It's a variant of Progressive Disclosure pattern. And Setup Wizard is a classical example of this pattern.
In your case, I'd suggest **breaking the over-complex configuration screen into multiple ones that require fewer user interactions, and are less visually overwhelming.
In other words, you can try to
- Divide this reporting task into distinct steps that have little interaction, and let users finish them one by one.
- You will have more space on each step to display more data items in one listbox (instead of squeezing all data in and let users scroll forever).
- Don't forget to let them see the number of steps they need to advance as an important contextual piece of information.
It's used when:
- There are too many screen elements (features, content, options etc)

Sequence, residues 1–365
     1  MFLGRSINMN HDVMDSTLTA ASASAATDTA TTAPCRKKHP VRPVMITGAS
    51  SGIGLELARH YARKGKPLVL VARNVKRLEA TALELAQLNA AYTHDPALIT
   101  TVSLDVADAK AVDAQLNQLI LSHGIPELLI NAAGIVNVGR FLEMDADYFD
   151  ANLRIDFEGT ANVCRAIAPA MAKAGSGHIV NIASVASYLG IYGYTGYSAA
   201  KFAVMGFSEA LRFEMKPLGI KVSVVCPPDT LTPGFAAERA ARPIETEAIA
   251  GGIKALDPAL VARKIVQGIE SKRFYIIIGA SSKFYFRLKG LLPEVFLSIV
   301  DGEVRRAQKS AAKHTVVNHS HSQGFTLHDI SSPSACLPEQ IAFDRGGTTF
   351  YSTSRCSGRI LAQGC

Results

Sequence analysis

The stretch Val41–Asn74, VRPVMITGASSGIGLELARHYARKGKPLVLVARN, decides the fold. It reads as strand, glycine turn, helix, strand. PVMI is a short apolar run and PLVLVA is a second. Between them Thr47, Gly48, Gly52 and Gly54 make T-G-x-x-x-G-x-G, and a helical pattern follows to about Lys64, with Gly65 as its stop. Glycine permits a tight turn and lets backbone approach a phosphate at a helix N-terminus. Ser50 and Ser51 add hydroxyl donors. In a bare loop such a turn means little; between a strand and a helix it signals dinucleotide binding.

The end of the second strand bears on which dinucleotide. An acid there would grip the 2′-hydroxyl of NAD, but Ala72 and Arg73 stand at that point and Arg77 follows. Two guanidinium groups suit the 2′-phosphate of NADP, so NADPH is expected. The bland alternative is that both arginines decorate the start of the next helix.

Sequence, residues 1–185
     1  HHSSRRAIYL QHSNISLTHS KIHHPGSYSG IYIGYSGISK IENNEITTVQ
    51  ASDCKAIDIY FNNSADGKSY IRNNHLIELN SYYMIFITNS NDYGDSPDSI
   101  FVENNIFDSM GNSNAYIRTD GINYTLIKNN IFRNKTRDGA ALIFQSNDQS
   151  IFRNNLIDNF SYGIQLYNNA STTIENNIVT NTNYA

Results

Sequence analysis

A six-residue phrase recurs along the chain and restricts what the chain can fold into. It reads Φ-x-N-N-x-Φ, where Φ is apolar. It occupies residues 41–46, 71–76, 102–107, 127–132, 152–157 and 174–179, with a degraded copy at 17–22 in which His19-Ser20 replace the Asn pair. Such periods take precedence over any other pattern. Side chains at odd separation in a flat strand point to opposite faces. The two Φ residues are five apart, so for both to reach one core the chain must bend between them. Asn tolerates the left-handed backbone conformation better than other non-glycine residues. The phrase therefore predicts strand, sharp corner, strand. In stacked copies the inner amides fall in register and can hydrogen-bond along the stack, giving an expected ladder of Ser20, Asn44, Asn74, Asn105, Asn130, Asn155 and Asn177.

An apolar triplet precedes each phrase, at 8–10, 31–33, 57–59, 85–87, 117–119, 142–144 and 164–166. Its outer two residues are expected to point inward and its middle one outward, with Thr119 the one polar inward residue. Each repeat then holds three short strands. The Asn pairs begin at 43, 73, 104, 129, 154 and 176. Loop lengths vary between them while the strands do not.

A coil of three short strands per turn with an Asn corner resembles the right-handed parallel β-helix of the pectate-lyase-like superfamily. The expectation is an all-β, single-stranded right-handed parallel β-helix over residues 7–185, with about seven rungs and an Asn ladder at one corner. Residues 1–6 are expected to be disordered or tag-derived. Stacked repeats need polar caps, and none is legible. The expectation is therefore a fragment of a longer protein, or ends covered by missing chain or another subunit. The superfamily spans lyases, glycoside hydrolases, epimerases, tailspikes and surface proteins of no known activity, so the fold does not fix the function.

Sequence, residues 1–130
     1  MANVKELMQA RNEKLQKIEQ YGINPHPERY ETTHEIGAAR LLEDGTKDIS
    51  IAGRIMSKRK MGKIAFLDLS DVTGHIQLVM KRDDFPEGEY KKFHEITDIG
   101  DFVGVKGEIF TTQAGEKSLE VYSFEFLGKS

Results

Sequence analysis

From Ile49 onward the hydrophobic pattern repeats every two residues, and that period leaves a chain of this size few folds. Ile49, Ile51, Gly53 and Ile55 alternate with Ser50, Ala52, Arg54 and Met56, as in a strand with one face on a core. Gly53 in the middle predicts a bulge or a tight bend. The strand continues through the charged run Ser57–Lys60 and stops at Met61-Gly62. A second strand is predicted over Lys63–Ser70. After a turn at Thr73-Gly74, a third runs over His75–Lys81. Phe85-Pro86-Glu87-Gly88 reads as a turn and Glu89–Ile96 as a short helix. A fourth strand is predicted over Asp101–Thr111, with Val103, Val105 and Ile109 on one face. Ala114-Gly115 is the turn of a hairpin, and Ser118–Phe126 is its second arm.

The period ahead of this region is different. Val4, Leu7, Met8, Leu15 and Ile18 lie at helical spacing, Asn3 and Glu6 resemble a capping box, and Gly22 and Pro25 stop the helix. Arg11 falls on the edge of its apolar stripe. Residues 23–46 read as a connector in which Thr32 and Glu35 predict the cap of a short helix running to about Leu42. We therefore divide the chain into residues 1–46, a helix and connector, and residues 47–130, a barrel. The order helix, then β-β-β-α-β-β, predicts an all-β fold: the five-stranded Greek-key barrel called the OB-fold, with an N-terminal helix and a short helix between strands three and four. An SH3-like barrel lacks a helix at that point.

to comfortably fit on the page.
- Most users won’t need all the elements all the time.
- It is important show additional elements in context and without hiding anything else on the page.
Update: Reading your comment and your new proposed screenshot, and in thinking more about your problem, I'd say that these reporting options don't necessarily have a chronological order, and hence it can be appropriate to use the Tabbing concept too. Something like the screenshot below with the tabs displaying options and the green button below all tabs is Print Report now.
Assumption taken for this answer:
- All the options are necessary. If some are not, you should remove them or at least, make them default and not force users to select them.